# included, as for a finite expansion to level k, then that high 0bit should
# be omitted.
=pod
=head2 Shortcut Boundary Length
The turns on the right boundary which are to the right 120 degrees are like
23 turn 120 at "2"
\
\
1
A shortcut can be taken by a unit step directly from 1 to 3, skipping
point 2. Doing so gives a boundary from N=0 to N=3^k which is
Rsh[k] = 2^k shortcut right side
Bsh[k] = 2*2^k shortcut whole boundary
=for TestPariDEFINE Rsh(k) = 2^k
=for TestPariDEFINE Bsh(k) = 2*2^k
Every third point starting from N=2 is a 120 degree turn and at each of
those 2 boundary lines become 1 shortcut line
Rsh[k] = R[k] * 2/3 k >= 1
= 3*2^(k1) * 2/3
= 2^k
=for TestPari vector(20, k, Rsh(k)) == vector(20, k, R(k)*2/3)
R[k] is a multiple of 3, so no rounding is required for the 2/3 factor. The
multiple of 3 also means the last turn in Rt[k] is always a 120 (to be
shortcut across). The left and right sides are symmetric, so Bsh=2*Rsh.
=head2 Shortcut Boundary Turn Sequence
The shortcut boundary turn sequence is the dragon curve turns but by 60
degrees instead of 90 degrees.
St(i) = / bit above lowest 1bit of i
 if 0 then turn +60 (left)
\ if 1 then turn 60 (right)
= 1, 1, 1, 1, 1, 1, 1, 1, 1, 1, 1, 1, 1, 1, 1, 1, 1, 1, ...
starting i=1, multiple of 60 degrees
The shortcut eliminates the 120 degree turns from the right boundary turn
sequence. The following diagram shows a a 120 at s and preceding turn P
and following turn Q.
\
sQ
\
\ = 1, 0 (at "*" and "a")
P
The turns at P and Q are either 0 or +120 degrees. The effect of skipping s
and going straight across from P to Q is that the turn at P is 60 degrees
of whatever its value was, and the same for Q 60 degrees of whatever its
value was. So the turns 0 and +120 in the right boundary sequence become
60 or +60.
=head2 Shortcut Area
The area enclosed by the shortcut boundary can be calculated from the plain
curve area plus the extra triangles enclosed by B[k]/3 many shortcuts,
Ash[k] = A[k] + floor(B[k]/3)
= / 0 if k=0
\ 2*3^(k1) if k>=1
=for TestPariDEFINE Ash(k) = if(k==0, 0, 2*3^(k1))
=for TestPariDEFINE Ash_from_AB(k) = A(k) + floor(B(k)/3)
=for TestPari vector(20, k, Ash(k1)) == vector(20, k, Ash_from_AB(k1))
=cut
# Ash[k] = 2*(3^(k1)  2^(k1)) + 3*2^k/3
# = 2*3^(k1)  2*2^(k1) + 2*2^(k1)
# = 2*3^(k1)
# Pari: (Ash(k) = 2*3^(k1)); for(k=0,8,print1(Ash(k),", "))
#
# 3*Ash(k)+Bsh(k) = 3*2*3^(k1) + 2*2^k
# = 2*3^k + 2*2^k
# = 2*3^k
=pod
The "floor" is only needed for k=0 single line segment case. B[0]=2 and by
rounding down 2/3 nothing is added to A[0]=0. For kE=1 B[k] is a
multiple of 3.
The shortcut area and boundary continue to satisfy the 2N=3A+B relation
given in L above. That relation requires each unit
area to have all three of its sides traversed and that is so with the
shortcuts.
Bshortcuts(k) = floor(B(k)/3) # extra shortcuts
Nsh(k) = 3^k + Bshortcuts(k) # total incl shortcuts
2*Nsh(k) = 3*Ash(k) + Bsh(k)
=for TestPariDEFINE Bshortcuts(k) = floor(B(k)/3)
=for TestPariDEFINE Nsh(k) = 3^k + Bshortcuts(k)
=for TestPari vector(20, k, 2*Nsh(k 1)) == vector(20, k, 3*Ash(k 1)+Bsh(k 1))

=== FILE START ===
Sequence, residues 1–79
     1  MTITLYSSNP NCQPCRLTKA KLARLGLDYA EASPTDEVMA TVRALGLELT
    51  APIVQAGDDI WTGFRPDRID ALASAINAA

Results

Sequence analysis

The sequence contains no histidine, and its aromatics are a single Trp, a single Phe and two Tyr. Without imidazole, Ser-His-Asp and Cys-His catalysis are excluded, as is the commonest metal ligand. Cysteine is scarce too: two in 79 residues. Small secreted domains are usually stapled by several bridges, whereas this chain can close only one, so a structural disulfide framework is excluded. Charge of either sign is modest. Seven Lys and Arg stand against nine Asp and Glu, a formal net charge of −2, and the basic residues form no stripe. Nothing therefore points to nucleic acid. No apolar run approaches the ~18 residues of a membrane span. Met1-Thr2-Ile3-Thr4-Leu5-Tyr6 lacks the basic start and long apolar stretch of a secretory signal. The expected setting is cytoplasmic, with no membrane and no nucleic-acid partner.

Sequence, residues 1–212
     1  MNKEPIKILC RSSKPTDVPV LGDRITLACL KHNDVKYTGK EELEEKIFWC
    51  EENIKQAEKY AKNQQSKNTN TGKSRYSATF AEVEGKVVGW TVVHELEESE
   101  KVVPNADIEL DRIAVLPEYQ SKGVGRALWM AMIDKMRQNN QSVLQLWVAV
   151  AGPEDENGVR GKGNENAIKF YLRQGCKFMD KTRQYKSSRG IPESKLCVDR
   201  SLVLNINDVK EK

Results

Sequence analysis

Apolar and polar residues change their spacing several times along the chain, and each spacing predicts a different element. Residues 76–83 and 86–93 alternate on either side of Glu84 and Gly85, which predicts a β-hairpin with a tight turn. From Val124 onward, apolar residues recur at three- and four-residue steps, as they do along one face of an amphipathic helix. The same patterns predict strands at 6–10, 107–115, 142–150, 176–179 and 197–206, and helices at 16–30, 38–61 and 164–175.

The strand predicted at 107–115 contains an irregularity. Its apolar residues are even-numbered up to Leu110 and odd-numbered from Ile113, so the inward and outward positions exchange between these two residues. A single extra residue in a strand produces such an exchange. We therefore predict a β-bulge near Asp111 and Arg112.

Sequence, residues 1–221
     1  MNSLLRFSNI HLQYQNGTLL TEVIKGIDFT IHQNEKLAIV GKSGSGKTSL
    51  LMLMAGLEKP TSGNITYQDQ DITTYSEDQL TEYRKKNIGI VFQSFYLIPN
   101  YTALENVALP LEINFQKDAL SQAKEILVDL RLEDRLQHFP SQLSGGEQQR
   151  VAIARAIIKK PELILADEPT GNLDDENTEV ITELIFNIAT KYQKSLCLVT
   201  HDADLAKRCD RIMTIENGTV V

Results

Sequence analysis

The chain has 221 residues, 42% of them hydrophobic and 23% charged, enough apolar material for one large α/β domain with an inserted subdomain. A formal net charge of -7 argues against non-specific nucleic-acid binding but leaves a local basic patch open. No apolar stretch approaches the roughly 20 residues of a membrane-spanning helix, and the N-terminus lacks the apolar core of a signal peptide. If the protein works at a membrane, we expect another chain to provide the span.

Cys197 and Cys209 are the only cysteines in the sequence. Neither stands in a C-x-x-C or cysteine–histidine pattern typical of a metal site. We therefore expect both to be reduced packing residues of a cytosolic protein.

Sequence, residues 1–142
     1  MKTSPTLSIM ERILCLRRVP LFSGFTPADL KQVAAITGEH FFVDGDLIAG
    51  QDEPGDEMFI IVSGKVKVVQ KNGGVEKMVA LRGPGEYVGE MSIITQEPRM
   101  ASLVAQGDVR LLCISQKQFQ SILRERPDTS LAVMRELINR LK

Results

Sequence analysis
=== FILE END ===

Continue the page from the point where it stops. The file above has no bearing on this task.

=head1 OEIS
The terdragon is in Sloane's Online Encyclopedia of Integer Sequences as,
=over
L (etc)
=back
A080846 next turn 0=left,1=right, by 120 degrees
(n=0 is turn at N=1)
A060236 turn 1=left,2=right, by 120 degrees
(lowest nonzero ternary digit)
A137893 turn 1=left,0=right (morphism)
A189640 turn 0=left,1=right (morphism, extra initial 0)
A189673 turn 1=left,0=right (morphism, extra initial 0)
A038502 strip trailing ternary 0s,
taken mod 3 is turn 1=left,2=right
A189673 and A026179 start with extra initial values arising from their
morphism definition. That can be skipped to consider the turns starting
with a left turn at N=1.
A026225 N positions of left turns,
being (3*i+1)*3^j so lowest nonzero digit is a 1
A026179 N positions of right turns (except initial 1)
A060032 bignum turns 1=left,2=right to 3^level
A062756 total turn, count ternary 1s
A005823 N positions where total turn == 0, ternary no 1s
A111286 boundary length, N=0 to N=3^k, skip initial 1
A003945 boundary/2
A002023 boundary odd levels N=0 to N=3^(2k+1),
or even levels one side N=0 to N=3^(2k),
being 6*4^k
A164346 boundary even levels N=0 to N=3^(2k),
or one side, odd levels, N=0 to N=3^(2k+1),
being 3*4^k
A042950 V[k] boundary length
A056182 area enclosed N=0 to N=3^k, being 2*(3^k2^k)
A081956 same
A118004 1/2 area N=0 to N=3^(2k+1), odd levels, 9^n4^n
A155559 join area, being 0 then 2^k
A092236 count East segments N=0 to N=3^k
A135254 count NorthWest segments N=0 to N=3^k, extra 0
A133474 count SouthWest segments N=0 to N=3^k
A057083 count segments diff from 3^(k1)
=head1 SEE ALSO
L,
L,
L,
L
L,
L
Larry Riddle's Terdragon page, for boundary and area calculations of the
terdragon as an infinite fractal
L
=head1 HOME PAGE
L
=head1 LICENSE
Copyright 2011, 2012, 2013, 2014 Kevin Ryde
This file is part of MathPlanePath.
MathPlanePath is free software; you can redistribute it and/or modify it
under the terms of the GNU General Public License as published by the Free
Software Foundation; either version 3, or (at your option) any later
version.
MathPlanePath is distributed in the hope that it will be useful, but
WITHOUT ANY WARRANTY; without even the implied warranty of MERCHANTABILITY
or FITNESS FOR A PARTICULAR PURPOSE. See the GNU General Public License for
more details.
You should have received a copy of the GNU General Public License along with
MathPlanePath. If not, see .
=cut